The plural of Miss Subways

In the current (10/27/14) New Yorker, an entertaining “Where Are They Now Dept.” feature by Michael Schulman, “Underground Beauties”, beginning:

Long before Dr. Zizmor and Poetry in Motion, beauty on the subways came in the form of the Miss Subways competition, which ran from 1941 to 1976. The idea, hatched by the New York Subways Advertising Company, was to prettify the train cars while drawing eye traffic to the surrounding ads for chewing gum or cigarettes. Every few months, a new glamour shot would appear on posters underground, along with a few lines describing the winner’s hobbies (“modern dance, piano and ceramics”) and aspirations (“plugging for B.A. but would settle for M.R.S.”). Nearly two hundred women claimed the title.

Over the years, nearly two hundred women served as Miss Subways. So there were nearly two hundred Miss Subwayses? No that can’t be right: Subways is already plural. The obvious solution is a zero plural, with only one realization of plural inflection: nearly two hundred Miss Subways. And that’s the solution in the New Yorker piece.

First, some background. For readers not familiar with the NYC subway scene, two explanations:

Jonathan Zizmor (born 1945) is an American dermatologist in New York City famous for his television commercials and prolific, colorful subway ads promising that “Now you can have beautiful clear skin!” (Wikipedia link)

Launched in 1992 by the Poetry Society of America and the Metropolitan Transportation Authority [of NYC], Poetry in Motion® is today one of the most popular public literary programs in American history. Poetry in Motion® places poetry in the transit systems of cities throughout the country, helping to create a national readership for both emerging and established poets. (from the Poetry Society of America site)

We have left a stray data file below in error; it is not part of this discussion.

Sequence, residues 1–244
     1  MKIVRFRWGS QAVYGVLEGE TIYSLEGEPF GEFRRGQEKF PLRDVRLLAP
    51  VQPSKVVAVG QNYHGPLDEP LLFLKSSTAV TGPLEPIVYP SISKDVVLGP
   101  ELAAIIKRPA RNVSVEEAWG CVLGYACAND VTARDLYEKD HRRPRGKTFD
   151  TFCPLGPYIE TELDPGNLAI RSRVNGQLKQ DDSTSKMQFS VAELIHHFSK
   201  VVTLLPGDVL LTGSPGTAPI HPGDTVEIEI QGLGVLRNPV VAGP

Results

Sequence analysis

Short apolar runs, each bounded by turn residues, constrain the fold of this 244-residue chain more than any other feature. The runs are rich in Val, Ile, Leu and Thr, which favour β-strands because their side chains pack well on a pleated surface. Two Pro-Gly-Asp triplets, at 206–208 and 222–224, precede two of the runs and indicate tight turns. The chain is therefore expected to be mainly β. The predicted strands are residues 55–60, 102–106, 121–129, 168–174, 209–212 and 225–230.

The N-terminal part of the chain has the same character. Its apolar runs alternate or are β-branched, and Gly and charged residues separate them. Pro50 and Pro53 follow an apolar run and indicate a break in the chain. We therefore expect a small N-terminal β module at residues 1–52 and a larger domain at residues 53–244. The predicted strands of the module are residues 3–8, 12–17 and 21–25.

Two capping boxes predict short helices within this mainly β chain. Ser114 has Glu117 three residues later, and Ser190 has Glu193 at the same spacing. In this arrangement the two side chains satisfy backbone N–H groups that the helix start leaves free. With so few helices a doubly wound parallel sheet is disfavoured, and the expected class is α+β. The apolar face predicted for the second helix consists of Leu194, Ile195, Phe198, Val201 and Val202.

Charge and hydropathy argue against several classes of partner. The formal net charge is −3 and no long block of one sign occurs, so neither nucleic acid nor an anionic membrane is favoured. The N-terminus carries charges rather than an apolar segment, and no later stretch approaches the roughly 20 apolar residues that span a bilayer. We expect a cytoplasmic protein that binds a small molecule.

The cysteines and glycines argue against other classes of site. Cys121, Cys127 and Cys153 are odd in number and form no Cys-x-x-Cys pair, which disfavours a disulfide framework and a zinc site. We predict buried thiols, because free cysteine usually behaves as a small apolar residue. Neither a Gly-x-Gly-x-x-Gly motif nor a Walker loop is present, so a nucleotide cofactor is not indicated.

Now: why is the New Yorker writing about Miss Subways? From Schulman’s piece:

If Miss Subways is remembered today, it is primarily because of the 1944 musical “On the Town,” [made into a movie in 1949] whose heroine is Miss Turnstiles; she is pursued by a trio of sailors who have just learned that the Bronx is up and the Battery’s down. A Broadway revival of the show was the occasion, the other day, for a gathering of some twenty-five former Miss Subways winners, at Ellen’s Stardust Diner.

(The Ellen in question is a former Miss Subways herself.)

Finally, the morphological question. From Schulman’s piece, about the gathering of twenty-five former Miss Subways winners:

The Miss Subways wore sashes and posed with their posters while sitting in vinyl booths.

Go with the zero plural (of Subways) rather than a double plural (of Subway). (Of course, this could all have been avoided if a contest winner had been called Miss Subway in the first place.)

4 Responses to “The plural of Miss Subways”

  1. Karen Schaffer Says:

    I’m amusing myself with the thought of “The Misses Subways” a la Jane Austen.

  2. Tom Says:

    The link “feature by” to the original has a stray space at the end, resulting in an excellent error message on the NYT site, almost as amusing as the actual article.

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